Supreme Court judge S Ravindra Bhat delivered a lecture on Wednesday, August 31, on the topic of ‘Denotified Tribes and Criminal Justice System’ at an event organised by the CPA Project on the occasion of Vimukta Day, marking 70 years of scrapping of the colonial Criminal Tribes Act, 1871.
Bhat, pointing out the factors that resulted in the formulation of the draconian Criminal Tribes Act, said, “The CTA sought to suppress what the British termed as predatory castes who were ‘hereditary criminals,’ that is, criminals by birth. The traction of suppressing certain communities was not unique to India, in fact it mirrored a growth in such policies back in England as well. The belief that crimes and the propensity to commit it was genetic gained prominence under the garb of science, with the rise of eugenics.”
However, he added, “In India rather than relying on genetics and devolving into biological determinism, colonial administrators saw crime as a profession passed across generations as hereditary. This is because they saw criminality from the prism of the caste system and interpreted crime to be an inheritable occupation.”
Highlighting the discriminatory nature of the act, he also noted that the Denotified Tribes (DNTs) fell outside the scope of the graded caste system, “yet it is for specifically this reason that they fell outside the known framework or structure, the colonial officers and policymakers criminalised their identity merely based on caste itself.”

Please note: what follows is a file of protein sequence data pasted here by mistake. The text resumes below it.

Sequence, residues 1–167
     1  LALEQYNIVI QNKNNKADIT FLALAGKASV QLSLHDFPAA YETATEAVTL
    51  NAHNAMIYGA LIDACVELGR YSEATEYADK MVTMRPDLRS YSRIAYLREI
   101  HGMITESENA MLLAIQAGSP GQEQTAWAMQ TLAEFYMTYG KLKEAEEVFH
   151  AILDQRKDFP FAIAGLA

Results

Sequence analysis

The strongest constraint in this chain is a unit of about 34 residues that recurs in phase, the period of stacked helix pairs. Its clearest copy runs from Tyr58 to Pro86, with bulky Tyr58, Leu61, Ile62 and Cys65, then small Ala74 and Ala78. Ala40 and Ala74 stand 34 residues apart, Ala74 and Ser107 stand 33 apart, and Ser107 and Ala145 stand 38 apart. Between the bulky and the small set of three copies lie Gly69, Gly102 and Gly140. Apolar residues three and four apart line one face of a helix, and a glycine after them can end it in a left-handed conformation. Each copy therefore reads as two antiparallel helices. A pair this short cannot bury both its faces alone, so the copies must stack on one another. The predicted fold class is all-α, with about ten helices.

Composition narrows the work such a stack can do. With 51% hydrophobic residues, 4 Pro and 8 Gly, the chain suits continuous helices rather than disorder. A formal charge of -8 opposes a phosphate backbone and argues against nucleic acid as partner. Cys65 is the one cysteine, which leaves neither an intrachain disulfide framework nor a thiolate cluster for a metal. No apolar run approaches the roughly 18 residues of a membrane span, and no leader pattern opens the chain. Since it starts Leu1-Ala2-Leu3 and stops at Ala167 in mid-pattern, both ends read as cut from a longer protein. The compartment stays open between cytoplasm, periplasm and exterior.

He also emphasised how terming these communities as ‘hereditary criminals’ provided a rather neat justification for mass surveillance, wide discretion, and excessive use of force and power.
After the repeal of the CTA, some prejudiced notions have undergone notable changes, however, Bhat stated, “This shift in approach failed to percolate to the law enforcement personnel who rely on concepts of habitual offenders to routinely persecute already vulnerable, stigmatised DNTs. For these reasons the DNTs failed to see any material changes.”
Justice Bhat also criticised the Wildlife Protection Act, 1972 “for expecting tribal communities depending on hunting to change century-old livelihood practices overnight.”
Towards the end of the lecture, Bhat remarked, “When people in casual derogatory statements attribute commission of crime to DNT communities to deflect attention from glaring inefficiency of governance, the cascading effect is inevitable.”
The Criminal Justice and Police Accountability Project (CPA Project) is an intervention focused on the decriminalisation of certain communities by the Police and the criminal justice system and on decarceration. The project is a grassroots litigation and research based initiative based in Bhopal, working in specific locations, and with particular communities across the State of Madhya Pradesh.